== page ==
Why do companies have Human Resources departments? The answer(s) largely depends on where one sits. The C-suite response will be different from the line; of that, we can be sure. A substantial portion of my advisory work involves confidential counsel and feedback to company presidents and boards of directors. As you might imagine, the core issues routinely involve challenges with people.
I made a prediction a little while back that you likely have a retention issue in your company, and money won’t solve your issue. At the time, “The Great Resignation” was not a thing, but now it’s here and in the mainstream. The Wall Street Journal reports the number of new requests in 2021 for tax identification numbers, a required element of starting a business, has more than doubled the number requested in 2020. The pandemic brought about some introspection that has led some to recognize their work situation is not what they once envisioned and is not what they want for the next decades of their life—at least not in its present form.It’s often the simplest of adjustments that can make the most impact. Click To Tweet
My colleague, Don Young of C5MI and a participant in my year-long Masters Class, recently led a discussion about gratitude that we can all learn from. It may prove helpful as you deal with the revolving door at your company. By distinguishing among appreciation, recognition, and reward, we can consider ways to practice and look for ways to do each more frequently.
This type of gratitude can be a simple “thank you” for completing a task. Some might argue bosses and leaders don’t need to thank someone for doing their job. Think again. Everyone wants to feel appreciated for their efforts. A simple thank you goes a long way in conveying that one’s work is important and matters.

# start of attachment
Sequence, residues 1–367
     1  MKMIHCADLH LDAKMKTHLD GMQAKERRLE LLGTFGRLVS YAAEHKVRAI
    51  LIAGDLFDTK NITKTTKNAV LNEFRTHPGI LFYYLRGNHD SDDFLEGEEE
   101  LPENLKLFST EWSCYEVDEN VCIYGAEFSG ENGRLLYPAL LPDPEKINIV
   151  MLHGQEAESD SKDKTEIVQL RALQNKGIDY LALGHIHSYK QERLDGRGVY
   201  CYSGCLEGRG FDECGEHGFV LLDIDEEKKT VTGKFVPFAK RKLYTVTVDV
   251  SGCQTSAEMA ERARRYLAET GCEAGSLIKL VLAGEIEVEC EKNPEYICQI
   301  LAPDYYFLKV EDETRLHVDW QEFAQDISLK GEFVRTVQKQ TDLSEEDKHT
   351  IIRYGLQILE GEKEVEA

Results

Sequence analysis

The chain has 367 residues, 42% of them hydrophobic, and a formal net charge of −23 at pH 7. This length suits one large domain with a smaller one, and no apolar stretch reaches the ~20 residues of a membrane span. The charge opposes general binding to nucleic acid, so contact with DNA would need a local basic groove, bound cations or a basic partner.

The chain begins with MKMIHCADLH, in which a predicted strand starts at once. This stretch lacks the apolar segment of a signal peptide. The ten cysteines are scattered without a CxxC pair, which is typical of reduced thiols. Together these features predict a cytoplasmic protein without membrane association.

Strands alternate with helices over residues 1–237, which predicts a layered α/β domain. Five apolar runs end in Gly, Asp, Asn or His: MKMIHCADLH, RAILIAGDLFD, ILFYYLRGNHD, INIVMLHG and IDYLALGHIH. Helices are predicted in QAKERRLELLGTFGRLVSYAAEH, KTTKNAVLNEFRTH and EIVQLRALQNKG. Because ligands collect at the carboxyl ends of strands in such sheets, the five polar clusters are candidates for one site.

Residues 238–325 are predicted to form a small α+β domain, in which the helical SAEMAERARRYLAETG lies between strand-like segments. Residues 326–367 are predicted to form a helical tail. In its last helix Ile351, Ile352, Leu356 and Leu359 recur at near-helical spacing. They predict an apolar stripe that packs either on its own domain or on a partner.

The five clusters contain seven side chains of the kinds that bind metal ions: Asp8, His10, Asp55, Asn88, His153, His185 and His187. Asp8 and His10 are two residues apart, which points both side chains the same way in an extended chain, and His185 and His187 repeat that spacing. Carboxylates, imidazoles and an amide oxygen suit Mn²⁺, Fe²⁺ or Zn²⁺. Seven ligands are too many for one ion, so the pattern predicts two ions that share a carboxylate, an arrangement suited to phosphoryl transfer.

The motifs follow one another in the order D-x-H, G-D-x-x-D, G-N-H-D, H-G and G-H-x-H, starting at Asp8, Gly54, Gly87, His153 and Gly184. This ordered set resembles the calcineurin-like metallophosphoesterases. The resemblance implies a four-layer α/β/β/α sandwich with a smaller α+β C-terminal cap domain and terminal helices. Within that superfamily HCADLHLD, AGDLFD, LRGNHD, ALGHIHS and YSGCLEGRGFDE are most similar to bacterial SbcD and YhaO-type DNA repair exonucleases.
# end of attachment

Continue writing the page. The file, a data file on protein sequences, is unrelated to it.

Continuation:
This form of gratitude works best in public and ideally in front of co-workers. Recognition does not require anything tangible, but it should be fact-based and its merit should be evident to the public audience. Recognition can often simultaneously reinforce a company’s values and mission.
This kind of gratitude can take the form of something as simple as a gift card or, more robust, such as a stock award. There is a continuum of options here that covers a lot of territories. Within the bounds of ethical guidelines, it’s appropriate to reward high performance that contributes to the attainment of the financial objectives of a business.
How grateful are you for those who work with or for you? It’s often the simplest of adjustments that can make the most impact.
If you are interested in complimentary access to a group of professionals who share your goal of success in the federal space in The Big Top, reach out to me by email with the subject line: “The Big Top.” An invitation-only, online forum, The Big Top is where topical federal issues, useful federal engagement tips, and proven better practices can help fuel your understanding and success working toward improved federal sales.